Retention is the most important function of the clasp; hence, it is the most important functional requirement. The purpose of a clasp is lost if the retention is lost. Retention is provided by the retentive arm of the clasp. The tip of the retentive arm (retentive terminal) should lie in an undercut to the selected path of insertion. The undercut used for retention is known as a retentive undercut or preferred undercut. This undercut should be identified during survey. If an undercut is absent it should be created using any one of the four methods described under surveying. The retentive arm should be fabricated according to the following design considerations.
Technical design considerations
- The retentive arm of the clasp provides retention. The terminal third of the retentive arm is flexible and it engages the undercut. Middle third of the retentive arm has minimum flexibility. Proximal third is rigid and is located above the height of contour.
- The location and degree of a tooth undercut available for retention is relative to the path of insertion of the partial denture. Path of Insertion is defined as
"The direction in which a prosthesis is placed upon and removed from the abutment teeth"-GPT
- A clasp has rigid and flexible components. The rigid components of the clasp should be placed in the non-retentive areas of the tooth for a given path of insertion. This is because they cannot deform to cross the height of contour.
- The clasp design for each abutment must be separately considered. For a clasp to be retentive, the retentive terminal must be placed in the undercut area of the tooth.
The retentive terminal is forced to deform when a vertical dislodging force is applied. The retentive terminal exhibits a certain amount of resistance to deformation. This resistance is proportional to the flexibility of the clasp arm. It is this resistance to deformation that generates retention. The flexibility of the clasp varies with the type of alloy being used.
- The retentive undercut will be present only in relation to a given path of insertion. The retentive undercut is absent in conditions where the direction of dislodgement of the clasp arm is similar to the direction along which the clasp arm was inserted. Hence it is important to maintain a single path of insertion that does not coincide with the path of displacement.
- Retentive undercuts should be located with the help of a surveyor. The cast should be tilted in a surveyor to achieve a unique path of insertion. The following factors should be considered while determining the path of insertion.
• Tissue undercuts • Location of vertical minor connectors • Origin of bar clasp arm • The denture bases.
- A good path of placement and removal is obtained by the contact of the rigid parts of the framework with the parallel surfaces of the abutment. These parallel tooth surfaces guide the denture during insertion and removal and are called guiding planes. These guiding planes that are prepared on the tooth act as an additional retentive unit.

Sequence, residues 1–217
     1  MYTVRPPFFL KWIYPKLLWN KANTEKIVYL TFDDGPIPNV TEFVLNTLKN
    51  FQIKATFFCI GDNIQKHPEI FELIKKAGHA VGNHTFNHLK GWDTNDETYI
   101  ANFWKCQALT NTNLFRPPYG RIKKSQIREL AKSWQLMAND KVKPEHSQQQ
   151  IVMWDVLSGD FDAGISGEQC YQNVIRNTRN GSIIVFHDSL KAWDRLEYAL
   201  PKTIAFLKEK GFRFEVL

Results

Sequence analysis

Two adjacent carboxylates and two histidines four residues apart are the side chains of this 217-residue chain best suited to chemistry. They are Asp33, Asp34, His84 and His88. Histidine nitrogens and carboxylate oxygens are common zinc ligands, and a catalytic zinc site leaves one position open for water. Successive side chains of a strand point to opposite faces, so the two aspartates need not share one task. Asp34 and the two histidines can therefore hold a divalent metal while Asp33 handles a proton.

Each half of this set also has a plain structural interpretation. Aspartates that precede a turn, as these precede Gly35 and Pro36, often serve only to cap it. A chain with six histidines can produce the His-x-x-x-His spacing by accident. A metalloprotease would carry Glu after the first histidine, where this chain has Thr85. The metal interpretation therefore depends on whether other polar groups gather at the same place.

Guiding planes are defined as “Two or more vertically parallel surfaces of abutment teeth so oriented as to direct the path of placement and removal of partial dentures” -GPT.
Guiding planes should be as parallel as possible to the path of insertion of the denture. If they are not parallel, trauma to the teeth and supporting structures will occur during insertion and removal of the denture. This leads to periodontal breakdown of the abutment teeth and strain to the parts of the denture. In the absence of guiding planes, the retention from the clasp will be meagre or practically non-existent.
- When the dislodging forces are not acting on the denture, the retentive terminal should be in a passive relationship with the tooth. If the retentive arm is not passive, orthodontic movement of the abutment will occur. This is due to the continuous pressure exerted by the clasps on the abutment teeth.
It is defined as, “The quality of a denture to be firm, steady, or constant, to resist displacement by functional stresses, and not to be subject to change of position when forces are applied” - GPT.
- All components of the clasp except the retentive arm provide stability.
- Cast circumferential clasps offer greater stability because it has a rigid shoulder.
- Wrought clasps have a flexible shoulder and bar clasps do not have a shoulder; hence, they offer lesser stability.
It is defined as, “To hold up or serve as a foundation or prop for” - GPT.
- It is the resistance to the movement of the denture in a gingival direction (along the path of insertion). (Whereas retention is the resistance to the movement of the denture against the path of insertion).
- It is provided by occlusal, lingual and incisal rests.
It is defined as, “The means by which one part of a prosthesis is made to counter the effect created by another part”- GPT
- It is provided by a rigid reciprocal arm.
- It resists the stresses generated by the retentive arm. It also stabilizes the denture against horizontal movement. In other words, it helps to hold the tooth when the retentive arm is active. If the reciprocal arm is absent there will no resistance available for the action of the retentive arm.
- It should be placed preferably at the junction of the gingival and middle thirds of the abutment tooth (always above or at the height of contour).
- It should contact the abutment tooth along with or before the retentive arm during insertion and removal.
- Other parts which offer reciprocation are:
• Lingual plate major connector. • An additional occlusal rest placed on the opposite side of the tooth along with the minor connector.
“It is the property of the clasp assembly to encompass more than 180° of the abutment tooth either by continuous or broken contact to prevent dislodgement during function”
- Each clasp must encircle more the 180° of the abutment tooth. Encirclement can be either a continuous contact as in circumfrential clasp or a broken contact as in bar clasp with at least 3 different areas of contact. The three
points of contact are:
- Retentive terminal
- Occlusal rest
- Reciprocal arm
This embracement prevents the clasp assembly from moving out of the confines of the tooth during function.
It is defined as “The quality or condition of inactivity or rest assumed by the teeth, tissues, and denture when a removable partial denture is in place but not under masticatory pressure” – GPT.
The retentive function should act only when dislodging forces are present. If the clasp is not seated properly, the retentive forces act continuously on the tooth leading to pain and tenderness.
Types of clasps
- Simple circlet clasp
- Reverse circlet or reverse approach clasp
- Multiple circlet clasp
- Embrasure clasp or modified crib clasp
- Ring clasp
- Fishhook or hairpin clasp or reverse action clasp
- Onlay clasp
- Half and half clasp
- Back-action clasp
- Grasso’s clasp or VRHR clasp
- T clasp
- Modified T clasp
- Y clasp
- I clasp
- Infrabulge clasp or mirror view clasp